Navajo Nation Fiscal Recovery Funds

Process for Requesting Navajo Nation Fiscal Recovery Funds

This website provides important information for requestors who are seeking Navajo Nation Fiscal Recovery Funds (NNFRF) and outlines the role of Navajo Nation Department of Justice (NNDOJ) in conducting Initial Eligibility Determination Reviews.

This process is available for Navajo Nation Government Units, Chapters (Non-Governance-Certified & Governance-Certified) and Entities (Navajo Nation Owned & External).

Note: Holland & Knight is hosting this website in collaboration with NNDOJ.

Disclaimer: An NNDOJ Initial Eligibility Determination will be based on the documents provided, which NNDOJ will assume are true, correct and complete. Should the Project or Program change in any material way after the initial determination, the requestor must seek the advice of NNDOJ. An initial determination is limited to review of the Project or Program as it relates to whether the Project or Program is a legally allowable use – it does not serve as an opinion as to whether or not the Project or Program should be funded, nor does it serve as an opinion as to whether or not the amount requested is reasonable or accurate.

On March 11, 2021, the American Rescue Plan Act of 2021 (ARPA) was signed into law. Section 9901 of ARPA amended Title VI of the Social Security Act to add Sections 602, which established the Coronavirus State Fiscal Recovery Fund, and 603, which established the Coronavirus Local Fiscal Recovery Fund, thereby appropriating Coronavirus State and Local Fiscal Recovery Funds in the amount of $362 billion for state, local and tribal governments, including $20 billion designated for tribal governments. As of Aug. 16, 2021, the U.S. Department of the Treasury has allocated nearly $2.08 billion to the Navajo Nation.

Navajo Nation Fiscal Recovery Funds can only be used for the following purposes:

  • Respond to COVID-19: To respond to the public health emergency with respect to the COVID–19 or its negative economic impacts 
  • Premium Pay for Essential Workers: To respond to workers performing essential work during the COVID–19 public health emergency by providing premium pay to eligible workers
  • Lost Revenue/Government Services: For the provision of government services to the extent of the reduction in revenue of such Tribal government due to COVID–19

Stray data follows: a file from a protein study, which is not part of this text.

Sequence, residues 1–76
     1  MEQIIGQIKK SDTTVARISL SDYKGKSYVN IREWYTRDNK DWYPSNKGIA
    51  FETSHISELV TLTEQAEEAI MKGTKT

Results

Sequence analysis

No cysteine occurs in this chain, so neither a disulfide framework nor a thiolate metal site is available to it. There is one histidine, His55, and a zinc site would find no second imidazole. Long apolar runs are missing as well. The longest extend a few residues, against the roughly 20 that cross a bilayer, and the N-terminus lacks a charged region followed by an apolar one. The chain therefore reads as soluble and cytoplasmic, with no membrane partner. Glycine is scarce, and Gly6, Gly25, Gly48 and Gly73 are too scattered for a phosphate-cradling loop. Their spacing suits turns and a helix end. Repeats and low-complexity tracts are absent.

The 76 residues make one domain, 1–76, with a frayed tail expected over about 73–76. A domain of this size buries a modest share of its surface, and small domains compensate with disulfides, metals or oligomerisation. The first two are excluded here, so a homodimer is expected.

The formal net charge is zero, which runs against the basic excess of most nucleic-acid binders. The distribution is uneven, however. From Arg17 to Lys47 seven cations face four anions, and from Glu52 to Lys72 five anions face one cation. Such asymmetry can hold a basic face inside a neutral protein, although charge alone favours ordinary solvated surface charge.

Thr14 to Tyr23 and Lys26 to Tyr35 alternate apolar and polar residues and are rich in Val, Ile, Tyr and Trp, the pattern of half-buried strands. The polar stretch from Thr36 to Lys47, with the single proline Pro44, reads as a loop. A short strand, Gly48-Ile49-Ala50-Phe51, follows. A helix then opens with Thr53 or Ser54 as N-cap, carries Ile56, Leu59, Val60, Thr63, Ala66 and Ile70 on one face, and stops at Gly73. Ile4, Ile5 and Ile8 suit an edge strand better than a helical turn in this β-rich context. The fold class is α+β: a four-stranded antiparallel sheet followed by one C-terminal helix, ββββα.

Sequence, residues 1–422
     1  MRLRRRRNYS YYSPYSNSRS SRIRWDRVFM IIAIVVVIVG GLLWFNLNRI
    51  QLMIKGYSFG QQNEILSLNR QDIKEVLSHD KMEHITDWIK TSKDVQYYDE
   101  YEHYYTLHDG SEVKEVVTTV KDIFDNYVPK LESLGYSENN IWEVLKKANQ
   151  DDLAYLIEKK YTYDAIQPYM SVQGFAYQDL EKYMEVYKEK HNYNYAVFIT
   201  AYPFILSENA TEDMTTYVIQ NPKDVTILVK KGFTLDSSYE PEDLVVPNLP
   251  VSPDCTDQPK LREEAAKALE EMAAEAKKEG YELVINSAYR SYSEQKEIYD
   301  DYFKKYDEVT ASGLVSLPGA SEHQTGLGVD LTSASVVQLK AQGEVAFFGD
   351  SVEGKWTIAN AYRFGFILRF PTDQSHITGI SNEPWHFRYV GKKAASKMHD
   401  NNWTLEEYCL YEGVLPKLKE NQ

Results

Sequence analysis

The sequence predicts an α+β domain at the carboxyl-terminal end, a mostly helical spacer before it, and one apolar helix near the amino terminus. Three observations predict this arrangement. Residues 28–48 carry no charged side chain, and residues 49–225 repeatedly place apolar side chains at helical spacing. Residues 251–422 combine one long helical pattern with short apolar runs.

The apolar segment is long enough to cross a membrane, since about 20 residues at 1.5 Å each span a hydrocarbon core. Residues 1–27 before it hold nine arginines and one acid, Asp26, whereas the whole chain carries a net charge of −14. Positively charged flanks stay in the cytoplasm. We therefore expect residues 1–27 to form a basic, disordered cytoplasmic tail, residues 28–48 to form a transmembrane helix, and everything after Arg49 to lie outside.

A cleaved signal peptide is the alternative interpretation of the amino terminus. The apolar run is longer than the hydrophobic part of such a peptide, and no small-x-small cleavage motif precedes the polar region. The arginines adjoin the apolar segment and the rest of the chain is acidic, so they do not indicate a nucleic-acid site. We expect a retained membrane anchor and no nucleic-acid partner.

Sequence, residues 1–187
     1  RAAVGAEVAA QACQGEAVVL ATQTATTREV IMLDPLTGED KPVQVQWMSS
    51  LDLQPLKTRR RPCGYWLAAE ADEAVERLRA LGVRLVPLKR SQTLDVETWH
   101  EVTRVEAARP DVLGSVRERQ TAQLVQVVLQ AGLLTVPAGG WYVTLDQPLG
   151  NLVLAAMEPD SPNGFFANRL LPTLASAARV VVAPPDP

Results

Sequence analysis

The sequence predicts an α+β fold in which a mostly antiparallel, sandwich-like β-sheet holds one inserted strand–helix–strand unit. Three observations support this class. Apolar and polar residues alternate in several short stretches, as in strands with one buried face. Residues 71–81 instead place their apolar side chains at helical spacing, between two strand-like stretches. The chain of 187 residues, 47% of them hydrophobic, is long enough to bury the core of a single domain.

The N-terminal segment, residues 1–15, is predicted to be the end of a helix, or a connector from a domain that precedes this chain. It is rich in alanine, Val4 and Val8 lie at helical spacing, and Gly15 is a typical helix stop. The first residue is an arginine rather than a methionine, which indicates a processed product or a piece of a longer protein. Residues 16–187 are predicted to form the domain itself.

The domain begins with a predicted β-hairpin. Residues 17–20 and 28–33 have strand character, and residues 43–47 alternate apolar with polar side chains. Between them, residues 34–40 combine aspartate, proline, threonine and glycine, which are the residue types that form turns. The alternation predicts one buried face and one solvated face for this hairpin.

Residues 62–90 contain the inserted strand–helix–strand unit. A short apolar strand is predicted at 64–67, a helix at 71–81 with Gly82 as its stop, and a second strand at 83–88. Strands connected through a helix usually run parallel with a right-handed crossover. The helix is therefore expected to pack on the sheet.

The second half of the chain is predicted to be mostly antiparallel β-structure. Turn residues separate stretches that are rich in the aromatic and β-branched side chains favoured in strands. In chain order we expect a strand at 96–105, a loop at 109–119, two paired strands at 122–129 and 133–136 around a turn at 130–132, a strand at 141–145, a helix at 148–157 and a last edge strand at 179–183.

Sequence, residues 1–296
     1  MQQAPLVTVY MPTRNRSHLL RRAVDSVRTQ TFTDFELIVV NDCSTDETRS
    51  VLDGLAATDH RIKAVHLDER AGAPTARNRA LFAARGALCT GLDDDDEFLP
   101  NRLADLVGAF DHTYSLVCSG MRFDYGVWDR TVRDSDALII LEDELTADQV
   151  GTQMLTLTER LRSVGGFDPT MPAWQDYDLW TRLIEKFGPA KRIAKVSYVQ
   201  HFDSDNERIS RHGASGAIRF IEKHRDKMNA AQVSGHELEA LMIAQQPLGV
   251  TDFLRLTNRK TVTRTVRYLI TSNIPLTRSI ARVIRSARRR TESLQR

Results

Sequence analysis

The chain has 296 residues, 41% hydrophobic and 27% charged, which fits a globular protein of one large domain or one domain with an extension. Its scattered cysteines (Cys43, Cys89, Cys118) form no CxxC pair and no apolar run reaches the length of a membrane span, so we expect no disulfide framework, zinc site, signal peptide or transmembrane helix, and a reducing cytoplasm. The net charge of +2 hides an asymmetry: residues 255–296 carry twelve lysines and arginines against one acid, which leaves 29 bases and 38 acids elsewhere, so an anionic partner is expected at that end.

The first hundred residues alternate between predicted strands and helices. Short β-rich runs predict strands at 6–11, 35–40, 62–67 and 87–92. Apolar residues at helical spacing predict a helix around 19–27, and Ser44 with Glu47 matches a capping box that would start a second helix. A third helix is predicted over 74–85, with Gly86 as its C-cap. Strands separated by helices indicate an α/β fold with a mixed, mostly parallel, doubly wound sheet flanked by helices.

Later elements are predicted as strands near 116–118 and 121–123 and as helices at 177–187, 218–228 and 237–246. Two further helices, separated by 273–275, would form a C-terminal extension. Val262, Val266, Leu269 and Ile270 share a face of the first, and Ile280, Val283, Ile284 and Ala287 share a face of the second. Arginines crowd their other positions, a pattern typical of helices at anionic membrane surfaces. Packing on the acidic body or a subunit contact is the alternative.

• Infrastructure: To make necessary investments in water, sewer, or broadband infrastructure.

The Treasury Department has identified 66 Fiscal Recovery Fund expenditure categories for purposes of compliance and reporting. (See "Appendix 1: Expenditure Categories" to Treasury Department's "Compliance and Reporting Guidance for State and Local Fiscal Recovery Funds," dated June 24, 2021). To be eligible for an allocation of the Nation's Fiscal Recovery Funds, each of the proposed expenditures must fall under one of these 66 expenditure categories.

Through Navajo Nation Council Resolution CJY-41-21, the Navajo Nation Fiscal Recovery Fund (NNFRF) was established under the oversight of the Navajo Nation Office of the Controller (OOC).

In addition, the Office of Management and Budget (OMB), in consultation with OOC, NNDOJ, and Office of Legislative Counsel developed Navajo Nation Fiscal Recovery Fund Procedures including a formal eligibility review process and expenditure plan template, which were approved by the Budget and Finance Committee of the Navajo Nation Council (BFC) through Resolution BFS-31-21.

After NNDOJ completes an initial eligibility determination review, a Council Delegate can sponsor legislation for approval of the proposed expenditure plan. Pursuant to CJY-41-21, allocations of Navajo Nation Fiscal Recovery Funds must be approved by a two-thirds (2/3) vote of the Council and is subject to final action by the Navajo Nation President.

 Process for Requesting Navajo Nation Fiscal Recovery Funds 

To request consideration from NNDOJ, all forms and documents should be emailed to

NNDOJ will review proposed expenditure plans and issue an Initial Eligibility Determination. This review will include:

  • whether all the forms and documents are complete and accurate,
  • whether appropriate authorization is documented, and
  • whether the proposed expenditure is allowable under federal and Navajo Nation law and regulations.

Applicants should carefully review Resolution BFS-31-21 to learn more about the process and what is required. Importantly, if NNDOJ finds that the requirements are not met, submitting entities will only be given one additional opportunity to resubmit the required forms and documents.

Therefore, it is critical that the requirements are fully met and forms and documents are complete.

To request consideration from NNDOJ, all forms and documents should be emailed to

Links to Required Forms: